1 November 2013
8:56 am – 1:11pm
It’s been a busy morning, just constant movement. Getting up, feeding the screaming cat, making breakfast, starting work, marking essays, checking on the patient (Andrew is working from home today on my request — his cold is getting worse, and I think he needs at least today and the weekend to put it back on track to recovery), getting dressed just to feel efficient (even though I’m not going anywhere today), making lunch, checking the mail, finishing our November List, getting back to work, considering what I’ll write about, and then realizing I still haven’t written anything and I might be encroaching upon your evening post time. I will be more considerate about that this month.
Since the clocks went back this weekend, the evenings have been settling faster into darkness. The light doesn’t really last much past 4 or 5. When I left at 6pm to go out into the evening, it already felt like the middle of the night. I didn’t know exactly where I was going, and it felt like wandering around in the pitch black with no signs or path at all. As the Starks know, Winter is coming. But this morning, I realize how grateful I am for these last few weeks of morning light. The picture above, was breakfast, and I took it just before starting the post, with light shining in off the windows across the street.
Oh, and here’s lunch =):
Cheese on toast: a very British treat.
I’m writing a letter to my friend Nancy all about place, because I’m reading “A Book of Migrations” by Rebecca Solnit right now. Winter in Edinburgh always brings my mind two places: to Amsterdam, and to Savannah. The autumn of Amsterdam meant that we never quite lived there through the cold times, except for a brief visit last February when we met up for the weekend and stood on the thickly frozen canals. And the winter of Edinburgh also makes me long for the summer sun in Savannah, the yoga on the beach on Sunday mornings like a better kind of prayer, the dolphins swimming in the water just a few meters from my face.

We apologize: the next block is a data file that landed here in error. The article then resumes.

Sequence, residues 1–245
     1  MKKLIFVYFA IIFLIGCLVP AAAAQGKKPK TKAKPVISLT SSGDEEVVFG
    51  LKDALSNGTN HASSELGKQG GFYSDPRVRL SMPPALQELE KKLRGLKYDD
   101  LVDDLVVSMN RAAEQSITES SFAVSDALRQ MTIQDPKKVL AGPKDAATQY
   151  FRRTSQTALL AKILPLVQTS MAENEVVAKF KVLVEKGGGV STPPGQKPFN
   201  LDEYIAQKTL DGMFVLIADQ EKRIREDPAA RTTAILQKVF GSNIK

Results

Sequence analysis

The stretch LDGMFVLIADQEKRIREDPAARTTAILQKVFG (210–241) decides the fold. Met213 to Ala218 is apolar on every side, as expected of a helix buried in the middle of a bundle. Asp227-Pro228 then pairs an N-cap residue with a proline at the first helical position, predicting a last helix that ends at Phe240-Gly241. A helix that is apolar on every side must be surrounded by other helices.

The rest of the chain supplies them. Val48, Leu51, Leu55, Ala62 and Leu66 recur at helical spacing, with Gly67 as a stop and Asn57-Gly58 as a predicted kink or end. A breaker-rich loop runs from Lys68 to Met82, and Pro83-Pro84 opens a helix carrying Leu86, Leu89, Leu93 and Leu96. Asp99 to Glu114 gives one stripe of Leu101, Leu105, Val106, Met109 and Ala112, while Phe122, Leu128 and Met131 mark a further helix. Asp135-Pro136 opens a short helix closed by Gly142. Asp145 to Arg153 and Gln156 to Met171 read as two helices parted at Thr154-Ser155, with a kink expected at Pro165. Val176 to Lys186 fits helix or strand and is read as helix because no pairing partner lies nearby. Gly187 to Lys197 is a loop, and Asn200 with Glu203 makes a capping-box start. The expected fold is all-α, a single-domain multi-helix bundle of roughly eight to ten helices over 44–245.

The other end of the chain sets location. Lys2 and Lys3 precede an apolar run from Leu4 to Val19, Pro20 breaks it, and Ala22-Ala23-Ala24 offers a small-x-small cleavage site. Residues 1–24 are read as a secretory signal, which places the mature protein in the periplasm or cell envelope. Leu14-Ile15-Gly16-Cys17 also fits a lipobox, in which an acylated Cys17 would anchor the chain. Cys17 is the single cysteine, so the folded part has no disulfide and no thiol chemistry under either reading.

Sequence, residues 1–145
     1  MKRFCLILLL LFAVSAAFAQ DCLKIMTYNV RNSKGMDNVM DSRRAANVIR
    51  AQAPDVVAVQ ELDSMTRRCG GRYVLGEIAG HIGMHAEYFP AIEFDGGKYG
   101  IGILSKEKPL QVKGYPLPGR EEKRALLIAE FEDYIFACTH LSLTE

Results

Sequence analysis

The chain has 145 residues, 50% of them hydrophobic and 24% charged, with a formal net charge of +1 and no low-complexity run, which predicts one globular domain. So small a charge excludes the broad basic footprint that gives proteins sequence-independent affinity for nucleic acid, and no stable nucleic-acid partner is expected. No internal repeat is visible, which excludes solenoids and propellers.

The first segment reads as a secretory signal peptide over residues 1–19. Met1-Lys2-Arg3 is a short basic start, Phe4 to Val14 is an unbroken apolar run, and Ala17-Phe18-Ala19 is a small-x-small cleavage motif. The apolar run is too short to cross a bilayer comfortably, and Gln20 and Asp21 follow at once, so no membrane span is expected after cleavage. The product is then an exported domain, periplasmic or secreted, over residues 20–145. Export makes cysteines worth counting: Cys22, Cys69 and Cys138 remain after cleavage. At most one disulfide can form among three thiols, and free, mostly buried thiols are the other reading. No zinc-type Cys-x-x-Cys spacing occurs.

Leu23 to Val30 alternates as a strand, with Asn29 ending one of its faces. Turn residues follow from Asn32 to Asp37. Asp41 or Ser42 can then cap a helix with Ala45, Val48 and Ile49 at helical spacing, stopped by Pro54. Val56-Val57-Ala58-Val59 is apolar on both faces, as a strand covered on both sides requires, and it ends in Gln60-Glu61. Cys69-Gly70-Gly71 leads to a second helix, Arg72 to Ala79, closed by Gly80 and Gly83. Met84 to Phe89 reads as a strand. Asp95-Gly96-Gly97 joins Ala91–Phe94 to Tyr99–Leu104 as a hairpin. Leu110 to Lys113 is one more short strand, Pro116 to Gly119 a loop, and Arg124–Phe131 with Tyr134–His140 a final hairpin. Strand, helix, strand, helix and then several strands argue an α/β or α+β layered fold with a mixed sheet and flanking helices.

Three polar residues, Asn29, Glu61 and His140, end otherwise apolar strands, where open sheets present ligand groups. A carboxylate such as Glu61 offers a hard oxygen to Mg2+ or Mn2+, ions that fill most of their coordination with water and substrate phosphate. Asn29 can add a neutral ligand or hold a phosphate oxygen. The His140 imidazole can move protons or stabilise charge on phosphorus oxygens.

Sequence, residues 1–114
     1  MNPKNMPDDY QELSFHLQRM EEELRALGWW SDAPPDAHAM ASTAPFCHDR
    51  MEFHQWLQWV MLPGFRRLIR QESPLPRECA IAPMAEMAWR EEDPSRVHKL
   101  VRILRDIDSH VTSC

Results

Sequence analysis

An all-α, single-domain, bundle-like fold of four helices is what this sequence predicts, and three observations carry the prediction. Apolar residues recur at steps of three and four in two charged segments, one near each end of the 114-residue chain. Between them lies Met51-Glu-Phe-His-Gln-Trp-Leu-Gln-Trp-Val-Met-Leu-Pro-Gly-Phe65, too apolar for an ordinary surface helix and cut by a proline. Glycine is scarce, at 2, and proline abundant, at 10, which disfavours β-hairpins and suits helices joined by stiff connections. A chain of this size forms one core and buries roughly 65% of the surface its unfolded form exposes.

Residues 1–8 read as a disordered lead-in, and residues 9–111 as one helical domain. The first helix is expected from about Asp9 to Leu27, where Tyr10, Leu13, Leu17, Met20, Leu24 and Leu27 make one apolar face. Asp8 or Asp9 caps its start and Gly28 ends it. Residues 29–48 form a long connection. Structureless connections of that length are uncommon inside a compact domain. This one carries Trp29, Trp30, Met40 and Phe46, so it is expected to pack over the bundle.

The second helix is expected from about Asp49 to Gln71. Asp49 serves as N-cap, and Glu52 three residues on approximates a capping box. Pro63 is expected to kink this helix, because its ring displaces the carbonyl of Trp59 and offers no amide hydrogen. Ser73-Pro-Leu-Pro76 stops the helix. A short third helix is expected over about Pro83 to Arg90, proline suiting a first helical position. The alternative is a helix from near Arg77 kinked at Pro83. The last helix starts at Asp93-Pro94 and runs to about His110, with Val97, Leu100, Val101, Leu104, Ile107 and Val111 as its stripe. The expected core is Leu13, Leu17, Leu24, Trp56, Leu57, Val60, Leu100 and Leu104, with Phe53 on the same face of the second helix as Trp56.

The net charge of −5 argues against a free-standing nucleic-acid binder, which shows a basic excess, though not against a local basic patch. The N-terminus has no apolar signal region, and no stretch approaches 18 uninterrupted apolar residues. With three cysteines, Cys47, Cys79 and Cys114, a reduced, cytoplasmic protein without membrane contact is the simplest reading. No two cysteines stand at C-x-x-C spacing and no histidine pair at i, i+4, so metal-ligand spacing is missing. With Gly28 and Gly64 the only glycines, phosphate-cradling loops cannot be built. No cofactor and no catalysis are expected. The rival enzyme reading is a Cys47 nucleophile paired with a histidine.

These are the two places most immediately in my heart, even while Edinburgh is in my present. Savannah: the place of swamps and marshlands, of indiscernible boundaries, of graduated belonging and identification of intimacy. Where I learned to drive a stick-shift. Where I found my future, and my adult capacities. Sitting under the Live Oaks threaded with Spanish Moss like lace. Spending hours and days in the grass and the sky. And Amsterdam: the place where I learned about hardship and loneliness. The importance of maps, the necessity of enacting and living the maps. The organization of foreign knowledge. The impossibility of an outside language. The space and breadth of the world that lies beyond my known boundaries.
I am definitely liking these November exercises already. Let’s absolutely put them up on a separate page, and invite our visitors to join in with us, leave us comments with their own reflections? Maybe you can explain more about the project in your evening letter. I’m going to quickly get back to work.